When it comes to tragedies, especially the ones spotlighting interactions between Black people and law enforcement, some are moved to tears, and others are moved to action. Randi Gloss, founder of GLOSSRAGS, is committed to raising awareness of the social injustices Black men and women face. Check out how she uses her creativity as a way to commemorate the lives of fallen brothers and sisters.
Title and company:
Founder of GLOSSRAGS
Twitter handle: @RandiGloss
Instagram handle: @RandiGloss
I like to call what I do “wearable activism.” As the founder of GLOSSRAGS, I’ve charged myself with creating critical designs that are sparks for social movements and discourse. GLOSSRAGS represents the contrast of the raw and the refined. With the And Counting Collection in particular, you have the raw—countless Black men and women killed by police and “vigilante justice” violence—a wearable memorial of their lives on a t-shirt. I never take for granted kind words from an e-mail or tweet. On the days when I’m saddened by the news of another death, those words of encouragement and gratitude are just the motivation I need to keep going. The shirts are worn in 46 out of the 50 states and abroad in Spain, New Zealand, Portugal, Canada, the UK, Australia and South Korea.
My friend invited me to make signs with his mentees for the March on Washington’s 50th Anniversary. I made a few different ones, but then I wrote: “Emmett & Amadou & Sean & Oscar & Trayvon…More than just Black faces in tragic places,” it was like someone had hit me in the chest. I was so tired of hearing about my brothers and sisters dying at the hands of police and racists, and I needed to be carrying this sign. So, a couple days later, on the morning of the commemorative march, I did. It seemed as though I couldn’t walk five feet without someone staring or stopping me so they could take a picture. I told my mom that I wanted to put the names on a t-shirt and sell them. The sign was only the foundation to what has blossomed into a movement.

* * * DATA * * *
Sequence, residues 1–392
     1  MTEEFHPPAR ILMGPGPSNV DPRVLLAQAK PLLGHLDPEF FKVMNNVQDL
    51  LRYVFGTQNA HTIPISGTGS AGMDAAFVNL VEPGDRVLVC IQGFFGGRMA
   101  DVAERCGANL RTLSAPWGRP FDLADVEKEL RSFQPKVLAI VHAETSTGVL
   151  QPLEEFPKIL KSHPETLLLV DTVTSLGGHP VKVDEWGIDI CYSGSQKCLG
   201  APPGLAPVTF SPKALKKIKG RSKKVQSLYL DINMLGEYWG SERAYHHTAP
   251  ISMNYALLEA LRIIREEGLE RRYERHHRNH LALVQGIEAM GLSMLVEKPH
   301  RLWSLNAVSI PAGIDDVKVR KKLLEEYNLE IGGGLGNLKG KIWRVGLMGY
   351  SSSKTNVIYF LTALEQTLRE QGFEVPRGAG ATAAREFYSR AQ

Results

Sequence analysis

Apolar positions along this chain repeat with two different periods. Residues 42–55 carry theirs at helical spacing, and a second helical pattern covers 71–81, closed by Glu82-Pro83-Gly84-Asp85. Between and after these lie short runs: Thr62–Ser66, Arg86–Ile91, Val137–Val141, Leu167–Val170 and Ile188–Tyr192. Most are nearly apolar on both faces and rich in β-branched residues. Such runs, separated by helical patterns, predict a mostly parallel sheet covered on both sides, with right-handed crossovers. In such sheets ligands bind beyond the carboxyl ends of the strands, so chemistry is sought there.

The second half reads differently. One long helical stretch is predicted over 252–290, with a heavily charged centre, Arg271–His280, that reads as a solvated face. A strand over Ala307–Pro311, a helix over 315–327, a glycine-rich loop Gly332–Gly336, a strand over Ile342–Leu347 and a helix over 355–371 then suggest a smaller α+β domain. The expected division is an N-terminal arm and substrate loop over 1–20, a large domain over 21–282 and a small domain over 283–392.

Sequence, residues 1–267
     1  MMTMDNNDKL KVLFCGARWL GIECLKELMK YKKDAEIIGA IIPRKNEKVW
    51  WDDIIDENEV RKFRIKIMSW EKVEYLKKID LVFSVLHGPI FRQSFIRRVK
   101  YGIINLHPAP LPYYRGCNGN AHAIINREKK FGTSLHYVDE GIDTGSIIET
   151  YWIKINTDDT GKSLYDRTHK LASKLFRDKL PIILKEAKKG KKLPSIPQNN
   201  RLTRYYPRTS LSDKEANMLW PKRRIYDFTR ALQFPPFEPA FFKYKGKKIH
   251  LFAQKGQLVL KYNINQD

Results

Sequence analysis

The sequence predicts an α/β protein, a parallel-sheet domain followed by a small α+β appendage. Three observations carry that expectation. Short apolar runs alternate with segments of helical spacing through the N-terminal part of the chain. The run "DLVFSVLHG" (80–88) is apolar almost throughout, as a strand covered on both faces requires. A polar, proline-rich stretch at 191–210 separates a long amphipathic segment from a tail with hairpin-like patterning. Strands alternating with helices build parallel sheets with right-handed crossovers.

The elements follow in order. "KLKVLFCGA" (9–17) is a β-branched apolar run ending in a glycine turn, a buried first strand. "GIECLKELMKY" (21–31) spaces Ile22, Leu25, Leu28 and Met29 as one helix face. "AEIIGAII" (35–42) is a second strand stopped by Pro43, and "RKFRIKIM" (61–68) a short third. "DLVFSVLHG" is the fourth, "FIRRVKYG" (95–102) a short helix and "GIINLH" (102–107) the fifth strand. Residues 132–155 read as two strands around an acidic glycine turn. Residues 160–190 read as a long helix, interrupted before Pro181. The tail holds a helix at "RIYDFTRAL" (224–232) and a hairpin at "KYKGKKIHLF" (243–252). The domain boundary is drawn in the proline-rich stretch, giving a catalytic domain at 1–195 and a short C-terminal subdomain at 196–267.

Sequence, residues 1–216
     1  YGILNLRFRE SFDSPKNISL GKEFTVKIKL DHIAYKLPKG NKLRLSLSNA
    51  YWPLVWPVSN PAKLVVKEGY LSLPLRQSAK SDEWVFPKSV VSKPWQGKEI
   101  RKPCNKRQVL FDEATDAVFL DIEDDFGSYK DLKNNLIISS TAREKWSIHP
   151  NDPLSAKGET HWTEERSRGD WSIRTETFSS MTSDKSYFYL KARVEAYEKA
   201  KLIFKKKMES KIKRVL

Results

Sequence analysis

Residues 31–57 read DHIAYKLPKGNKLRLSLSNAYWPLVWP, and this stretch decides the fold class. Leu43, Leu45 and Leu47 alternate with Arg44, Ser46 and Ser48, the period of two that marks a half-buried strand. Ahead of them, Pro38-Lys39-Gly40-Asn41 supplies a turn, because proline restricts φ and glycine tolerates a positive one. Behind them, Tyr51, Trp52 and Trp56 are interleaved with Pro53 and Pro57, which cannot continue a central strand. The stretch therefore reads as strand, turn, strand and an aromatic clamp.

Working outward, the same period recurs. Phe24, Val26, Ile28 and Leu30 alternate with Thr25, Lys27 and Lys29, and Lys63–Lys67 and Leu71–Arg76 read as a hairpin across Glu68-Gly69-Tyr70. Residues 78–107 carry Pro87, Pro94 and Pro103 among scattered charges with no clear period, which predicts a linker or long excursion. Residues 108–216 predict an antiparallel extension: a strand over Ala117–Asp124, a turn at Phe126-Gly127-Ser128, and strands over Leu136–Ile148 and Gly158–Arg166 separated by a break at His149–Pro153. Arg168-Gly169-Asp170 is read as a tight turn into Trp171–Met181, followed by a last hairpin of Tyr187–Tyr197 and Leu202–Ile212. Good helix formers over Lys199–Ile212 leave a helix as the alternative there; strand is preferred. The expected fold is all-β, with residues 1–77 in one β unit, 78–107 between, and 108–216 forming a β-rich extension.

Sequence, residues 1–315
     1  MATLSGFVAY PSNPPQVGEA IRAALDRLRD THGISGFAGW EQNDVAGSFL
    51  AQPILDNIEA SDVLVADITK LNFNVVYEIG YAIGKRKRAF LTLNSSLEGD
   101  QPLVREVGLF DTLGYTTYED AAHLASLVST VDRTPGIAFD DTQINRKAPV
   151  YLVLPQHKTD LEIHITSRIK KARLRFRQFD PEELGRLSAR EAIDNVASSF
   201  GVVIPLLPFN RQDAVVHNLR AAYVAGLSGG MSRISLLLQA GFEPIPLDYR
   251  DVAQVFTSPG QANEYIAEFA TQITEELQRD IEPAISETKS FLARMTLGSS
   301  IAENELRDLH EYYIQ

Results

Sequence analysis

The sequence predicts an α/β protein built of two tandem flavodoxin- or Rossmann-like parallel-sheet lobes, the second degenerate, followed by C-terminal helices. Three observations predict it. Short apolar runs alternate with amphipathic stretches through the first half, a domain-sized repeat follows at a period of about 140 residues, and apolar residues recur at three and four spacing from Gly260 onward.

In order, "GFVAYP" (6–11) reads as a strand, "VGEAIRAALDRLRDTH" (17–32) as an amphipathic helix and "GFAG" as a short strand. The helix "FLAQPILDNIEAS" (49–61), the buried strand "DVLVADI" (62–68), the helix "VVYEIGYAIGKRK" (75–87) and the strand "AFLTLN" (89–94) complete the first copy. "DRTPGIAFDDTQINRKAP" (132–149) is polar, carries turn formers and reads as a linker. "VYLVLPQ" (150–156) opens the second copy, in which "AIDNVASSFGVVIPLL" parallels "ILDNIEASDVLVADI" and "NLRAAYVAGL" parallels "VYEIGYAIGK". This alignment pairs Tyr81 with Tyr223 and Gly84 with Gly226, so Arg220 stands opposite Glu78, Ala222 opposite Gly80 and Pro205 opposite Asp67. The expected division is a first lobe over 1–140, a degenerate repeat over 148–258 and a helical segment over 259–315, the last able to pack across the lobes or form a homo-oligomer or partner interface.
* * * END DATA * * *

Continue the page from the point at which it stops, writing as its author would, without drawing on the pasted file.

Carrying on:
I approached my mentor in February 2014 and said, “I just need $500 for 100 t-shirts.” Then I sent him a proposal which he told me wasn’t very good. I did a lot of research to formulate a better proposal and business plan. After a couple drafts, he approved my plan and loaned me the $500. I got the shirts printed and worked with my friend to create a simple website, logo and spread the word. I want GLOSSRAGS to be known for shirts that make you stop, stare and think. I also want it to become a platform for critical stories that are overlooked by mainstream media.
You have to think thoroughly through what you want to do, make sure it’s sustainable and then go for it! You have to be committed to working hard, being persistent and hustling. Be confident in your creation and believe in its success before anyone else ever tells you it’s successful.
The crowd favorite:
The Black And Counting tee with the brothers’ names on it is our best-seller. Black is classic (in more ways than one) so it’s always been a solid seller. My favorite is a tie between the Fight Amnesia February Limited Edition And Counting tee and the Vol. VII tank in Fiery Fatigue. The “Fight Amnesia” tee was the first time we printed on a white shirt and our fallen brothers and sisters names in red, black and green as an ode to the Black Liberation flag. The other tee has the names stand out in red despite the camouflage backdrop.
Her biggest lesson learned:
I once worked with a shady photographer who didn’t have his stuff together. His work looked good from Instagram, but that was the only good thing about the experience. He missed deadlines, communicated poorly and even changed the location of the shoot last minute. One of my mistakes was paying him before actually seeing and receiving the photos. I was dissatisfied to say the least. Now, I make sure that the people I work with have solid work, but also are trustworthy and reliable.
Her stress relievers:
I love reading books, writing poetry, spending time outside and people-watching in D.C.
Her tech must-haves
: I just need a phone that works, takes good pictures and has a good battery life. I love Instagram, and Snapchat keeps me entertained with moments from my friend’s lives.
Her beauty bag:
Mascara and lipstick. I like to keep it simple.
Her power accessory:
My grandpa gave me a silver and gold watch a few years ago before he passed, and I wear it almost every day. It’s reliable, matches just about any outfit and keeps me on schedule.
Her theme song:
“Liberation” by Outkast featuring Erykah Badu, Cee-Lo Green and Big Rube.